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Posted by wmmbb in Global Electoral Politics.

If the rule of thumb that applies to elections in Australia applies then it seems on the basis of lack of bipartisan agreement and general public engagement the Alternative Vote referendum will be lost in Britain.

So much for direct democracy which so often is the occasion to lower the tone of democratic debate. Electoral Systems are such obscure topics of conversation and difficult to understand, although it is equally remarkable that as soon as they are changed the tactical opportunities become immediately apparent to some voters and are effected. This was true for the more complicated system of multi-member proportional representation when it was introduced into New Zealand, which I believe had not previous experience of proportional representation. I doubt that MMP will be replaced there. Why would anyone go back to First Past the Post voting?

The Liberal Democrats in Britain may well have over-compromised with the agreement to offer the Alternative Vote system as the ballot option to the established simple plurality that sees governments elected with 37% of the voters that turnout. The systems are for the most part really not all that much different, and I suppose that was the basis for the Liberal Democrats political calculation. By providing preferential voting, even in the optional form, at least gives the electors to cast an effective vote for the winning candidate in each electorate.

That said, it would have been better had the referendum offered proportional representation as an option and multi-member electorates, such as the Hare-Clark system provides in Tasmania. Given the imprimatur of John Stuart Mills, it could not be said that such a system was “anti-British”.

The referendum appears to be both an opportunity and less likely an danger for the Prime Minister. Andrew Grist reports in The Independent:

David Cameron is today accused of cynically turning the referendum campaign on the voting system into a bitter row between the Conservatives and Liberal Democrats to head off a Yes vote. In his first intervention in the AV referendum, Lord Mandelson, the former Labour cabinet minister, claimed that the Prime Minister had adopted a high-profile role in the No campaign in order to divert media and public attention away from a debate about the alternative vote (AV).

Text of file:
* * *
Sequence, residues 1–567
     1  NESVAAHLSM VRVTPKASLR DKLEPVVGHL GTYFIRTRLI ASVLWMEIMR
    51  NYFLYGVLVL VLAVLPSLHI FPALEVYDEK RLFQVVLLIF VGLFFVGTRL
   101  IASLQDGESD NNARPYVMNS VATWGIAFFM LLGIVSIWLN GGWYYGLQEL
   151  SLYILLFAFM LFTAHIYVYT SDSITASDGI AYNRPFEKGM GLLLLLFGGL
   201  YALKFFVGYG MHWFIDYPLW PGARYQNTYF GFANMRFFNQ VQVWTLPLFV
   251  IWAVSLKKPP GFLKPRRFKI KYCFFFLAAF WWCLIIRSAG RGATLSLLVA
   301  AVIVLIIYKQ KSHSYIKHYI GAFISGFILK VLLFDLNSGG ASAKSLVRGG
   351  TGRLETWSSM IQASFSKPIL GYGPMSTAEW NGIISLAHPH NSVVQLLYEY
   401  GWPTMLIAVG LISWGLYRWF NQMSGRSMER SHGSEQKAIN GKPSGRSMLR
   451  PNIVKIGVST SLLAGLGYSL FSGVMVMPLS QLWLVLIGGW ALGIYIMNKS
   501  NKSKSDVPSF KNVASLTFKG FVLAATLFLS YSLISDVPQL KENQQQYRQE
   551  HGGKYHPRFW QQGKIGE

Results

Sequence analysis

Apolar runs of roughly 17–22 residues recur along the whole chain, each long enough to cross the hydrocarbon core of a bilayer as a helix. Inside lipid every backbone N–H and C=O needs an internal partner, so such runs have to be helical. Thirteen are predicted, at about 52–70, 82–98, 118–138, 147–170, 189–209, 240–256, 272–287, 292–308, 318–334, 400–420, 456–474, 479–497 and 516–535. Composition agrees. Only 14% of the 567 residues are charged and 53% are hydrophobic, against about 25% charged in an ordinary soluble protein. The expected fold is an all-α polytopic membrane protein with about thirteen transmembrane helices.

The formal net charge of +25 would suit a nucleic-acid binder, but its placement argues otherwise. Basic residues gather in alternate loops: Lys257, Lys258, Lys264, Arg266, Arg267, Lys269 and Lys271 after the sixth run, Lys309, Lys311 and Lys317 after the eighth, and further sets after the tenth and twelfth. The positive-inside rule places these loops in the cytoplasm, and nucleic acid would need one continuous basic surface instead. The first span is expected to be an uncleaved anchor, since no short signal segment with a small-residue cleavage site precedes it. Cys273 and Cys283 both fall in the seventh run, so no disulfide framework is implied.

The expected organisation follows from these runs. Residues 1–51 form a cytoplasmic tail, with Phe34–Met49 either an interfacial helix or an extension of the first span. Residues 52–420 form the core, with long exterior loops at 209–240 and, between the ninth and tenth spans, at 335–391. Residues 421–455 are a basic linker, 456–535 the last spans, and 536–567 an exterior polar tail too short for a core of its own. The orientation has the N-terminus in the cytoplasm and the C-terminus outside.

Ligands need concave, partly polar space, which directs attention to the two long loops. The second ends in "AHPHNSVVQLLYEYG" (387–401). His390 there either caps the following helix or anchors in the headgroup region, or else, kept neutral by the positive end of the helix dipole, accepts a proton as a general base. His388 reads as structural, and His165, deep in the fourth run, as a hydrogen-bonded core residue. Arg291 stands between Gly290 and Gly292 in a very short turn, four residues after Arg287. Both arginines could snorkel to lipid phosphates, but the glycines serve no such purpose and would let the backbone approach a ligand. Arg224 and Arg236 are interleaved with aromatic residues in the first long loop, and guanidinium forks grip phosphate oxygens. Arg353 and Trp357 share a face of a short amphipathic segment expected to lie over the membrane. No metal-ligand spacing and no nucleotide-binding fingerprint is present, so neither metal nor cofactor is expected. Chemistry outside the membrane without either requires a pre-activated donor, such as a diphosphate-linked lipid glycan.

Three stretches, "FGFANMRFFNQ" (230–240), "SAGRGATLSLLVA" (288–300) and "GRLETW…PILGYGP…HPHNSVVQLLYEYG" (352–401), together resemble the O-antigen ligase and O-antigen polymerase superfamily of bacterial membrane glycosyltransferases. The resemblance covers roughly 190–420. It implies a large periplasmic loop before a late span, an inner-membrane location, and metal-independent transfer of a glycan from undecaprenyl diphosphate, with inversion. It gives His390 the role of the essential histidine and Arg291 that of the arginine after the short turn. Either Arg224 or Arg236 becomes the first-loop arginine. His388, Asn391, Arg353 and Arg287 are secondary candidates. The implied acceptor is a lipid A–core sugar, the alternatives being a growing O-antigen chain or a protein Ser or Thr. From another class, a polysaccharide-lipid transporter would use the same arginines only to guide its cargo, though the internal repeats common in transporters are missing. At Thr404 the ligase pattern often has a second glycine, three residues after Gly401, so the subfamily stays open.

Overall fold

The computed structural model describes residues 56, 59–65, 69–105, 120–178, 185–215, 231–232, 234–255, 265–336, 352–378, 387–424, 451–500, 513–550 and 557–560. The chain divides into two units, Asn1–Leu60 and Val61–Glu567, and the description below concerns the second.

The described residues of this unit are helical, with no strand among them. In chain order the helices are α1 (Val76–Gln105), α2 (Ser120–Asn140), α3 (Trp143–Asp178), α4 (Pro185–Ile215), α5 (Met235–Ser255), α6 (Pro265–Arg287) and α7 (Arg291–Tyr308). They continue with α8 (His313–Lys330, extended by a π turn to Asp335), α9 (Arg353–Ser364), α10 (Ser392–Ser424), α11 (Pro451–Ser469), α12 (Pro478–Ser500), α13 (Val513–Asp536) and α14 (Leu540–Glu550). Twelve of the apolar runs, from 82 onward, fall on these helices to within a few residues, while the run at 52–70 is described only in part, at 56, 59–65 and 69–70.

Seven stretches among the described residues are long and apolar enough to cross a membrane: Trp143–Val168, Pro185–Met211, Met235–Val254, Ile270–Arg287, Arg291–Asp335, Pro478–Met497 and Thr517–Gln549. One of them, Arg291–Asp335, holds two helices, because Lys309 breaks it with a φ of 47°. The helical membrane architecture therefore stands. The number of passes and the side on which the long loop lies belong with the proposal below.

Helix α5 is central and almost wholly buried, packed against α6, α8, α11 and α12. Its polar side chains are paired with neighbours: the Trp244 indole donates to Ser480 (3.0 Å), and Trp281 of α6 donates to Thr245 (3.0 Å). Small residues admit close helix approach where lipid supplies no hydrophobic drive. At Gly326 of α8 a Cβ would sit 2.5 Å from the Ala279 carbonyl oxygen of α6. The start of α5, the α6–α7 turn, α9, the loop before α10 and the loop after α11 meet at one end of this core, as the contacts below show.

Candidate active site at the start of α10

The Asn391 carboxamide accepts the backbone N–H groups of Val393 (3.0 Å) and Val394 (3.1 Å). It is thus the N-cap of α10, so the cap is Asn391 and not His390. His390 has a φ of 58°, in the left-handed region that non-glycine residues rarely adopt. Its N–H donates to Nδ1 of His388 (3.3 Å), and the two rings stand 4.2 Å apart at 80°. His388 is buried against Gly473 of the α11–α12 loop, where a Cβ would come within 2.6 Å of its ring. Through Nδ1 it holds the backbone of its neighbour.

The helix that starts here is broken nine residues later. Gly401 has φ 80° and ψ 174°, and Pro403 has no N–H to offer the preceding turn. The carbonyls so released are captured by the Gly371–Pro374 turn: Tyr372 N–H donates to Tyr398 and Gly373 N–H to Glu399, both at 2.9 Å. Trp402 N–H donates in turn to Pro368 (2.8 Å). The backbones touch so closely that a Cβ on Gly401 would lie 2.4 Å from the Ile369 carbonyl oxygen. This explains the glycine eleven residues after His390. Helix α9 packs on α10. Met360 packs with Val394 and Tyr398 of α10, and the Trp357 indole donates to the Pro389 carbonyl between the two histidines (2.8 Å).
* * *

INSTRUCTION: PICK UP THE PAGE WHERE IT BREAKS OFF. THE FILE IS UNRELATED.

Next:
In an interview with The Independent, Lord Mandelson warned Labour figures who are backing the No camp that their actions could condemn the party to years in the electoral wilderness. He appealed to Labour supporters to vote Yes in next week’s referendum to damage the Tories and undermine Mr Cameron’s position.

Lord Mandelson’s intervention reflects fears in the Yes lobby that the Prime Minister’s strategy will deliver a high turnout among Tory supporters for a No vote. The Yes camp will target Labour sympathisers in the run-up to the referendum, believing that offers the best hope of turning round the opinion polls, which suggest that the public will reject reform. Most surveys show a narrow margin against AV among Labour supporters.

There is even speculation at Westminster that Mr Cameron, if strengthened by a No verdict, might call a general election this autumn rather than maintain the Coalition with the Liberal Democrats. Despite their increasingly bitter battle over AV, that looks unlikely, with both parties insisting that the Coalition will return to normal business on 6 May. Privately, Labour would not welcome an early election.

The English will cling to the used by first across the line horse race in the same way they cling to their dated German monarchy. Our Prime Minister will there among the unsavory – although some have been uninvited – and hopefully the justification of informal diplomacy will prove well founded, although it is doubtful there will be any other leader there worth talking to. Certainly no one as important as the Chinese Premier she has now met in Beijing. And I wonder what his thoughts are on the optional preferential system?



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